ROY PORTER WAS a friend of mine. We studied at the same Cambridge college, specialised in the same period (the eighteenth century) and, when it came time to leave Cambridge, each found a home in London, he at University College, I at King's. But there the similarities end; for, although I have spent the past thirty years producing a modest total of books, films and papers, Roy was tirelessly productive. The endpapers of this book, reprinting sections of obituaries, speak of him as 'inexhaustible' (Guardian) , 'indefatigable' (Sunday Times) and 'superhuman' (London Review of Books). The text of the book was completed just a week before he died and represents his final statement on medical history - the subject that he had made his own.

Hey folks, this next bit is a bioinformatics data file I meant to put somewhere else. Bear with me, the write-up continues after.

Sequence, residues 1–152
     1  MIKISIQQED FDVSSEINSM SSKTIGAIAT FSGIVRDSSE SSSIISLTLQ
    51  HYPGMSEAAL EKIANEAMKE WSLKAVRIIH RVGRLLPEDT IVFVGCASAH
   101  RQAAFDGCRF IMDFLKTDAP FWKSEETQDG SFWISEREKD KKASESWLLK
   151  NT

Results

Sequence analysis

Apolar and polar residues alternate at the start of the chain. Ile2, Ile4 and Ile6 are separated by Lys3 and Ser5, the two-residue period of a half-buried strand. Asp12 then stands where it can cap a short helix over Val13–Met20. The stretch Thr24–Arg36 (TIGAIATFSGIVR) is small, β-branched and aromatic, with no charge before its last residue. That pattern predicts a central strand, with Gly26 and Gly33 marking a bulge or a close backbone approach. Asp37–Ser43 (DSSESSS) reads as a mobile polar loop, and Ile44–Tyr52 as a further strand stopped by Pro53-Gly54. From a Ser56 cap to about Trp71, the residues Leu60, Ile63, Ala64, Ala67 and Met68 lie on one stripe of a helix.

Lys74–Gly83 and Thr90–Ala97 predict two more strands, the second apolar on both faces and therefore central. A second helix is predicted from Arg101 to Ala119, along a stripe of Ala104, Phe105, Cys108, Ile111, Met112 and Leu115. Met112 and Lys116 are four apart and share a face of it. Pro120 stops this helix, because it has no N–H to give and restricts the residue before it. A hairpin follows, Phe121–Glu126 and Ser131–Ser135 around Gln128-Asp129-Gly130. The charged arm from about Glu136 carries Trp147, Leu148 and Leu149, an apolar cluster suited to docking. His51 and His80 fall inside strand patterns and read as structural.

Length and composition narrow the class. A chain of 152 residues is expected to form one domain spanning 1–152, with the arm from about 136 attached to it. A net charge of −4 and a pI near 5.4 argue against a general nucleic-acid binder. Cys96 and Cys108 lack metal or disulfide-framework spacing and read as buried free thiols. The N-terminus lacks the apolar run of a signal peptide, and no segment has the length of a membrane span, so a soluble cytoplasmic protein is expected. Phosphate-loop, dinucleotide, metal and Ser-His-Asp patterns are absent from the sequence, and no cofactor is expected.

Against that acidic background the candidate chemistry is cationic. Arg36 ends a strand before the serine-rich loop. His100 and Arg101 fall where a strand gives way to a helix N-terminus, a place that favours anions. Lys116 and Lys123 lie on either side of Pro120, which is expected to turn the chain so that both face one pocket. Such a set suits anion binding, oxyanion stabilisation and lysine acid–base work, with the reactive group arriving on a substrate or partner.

The sense of an inuninent end seems to have been with him as he was writing this. How else can one read his chapter on Dr Johnson, who also wrote ceaselessly, being our first parliamentary reporter (thinly disguising his subject by calling the Houses of Parliament, quite appositely, the Senate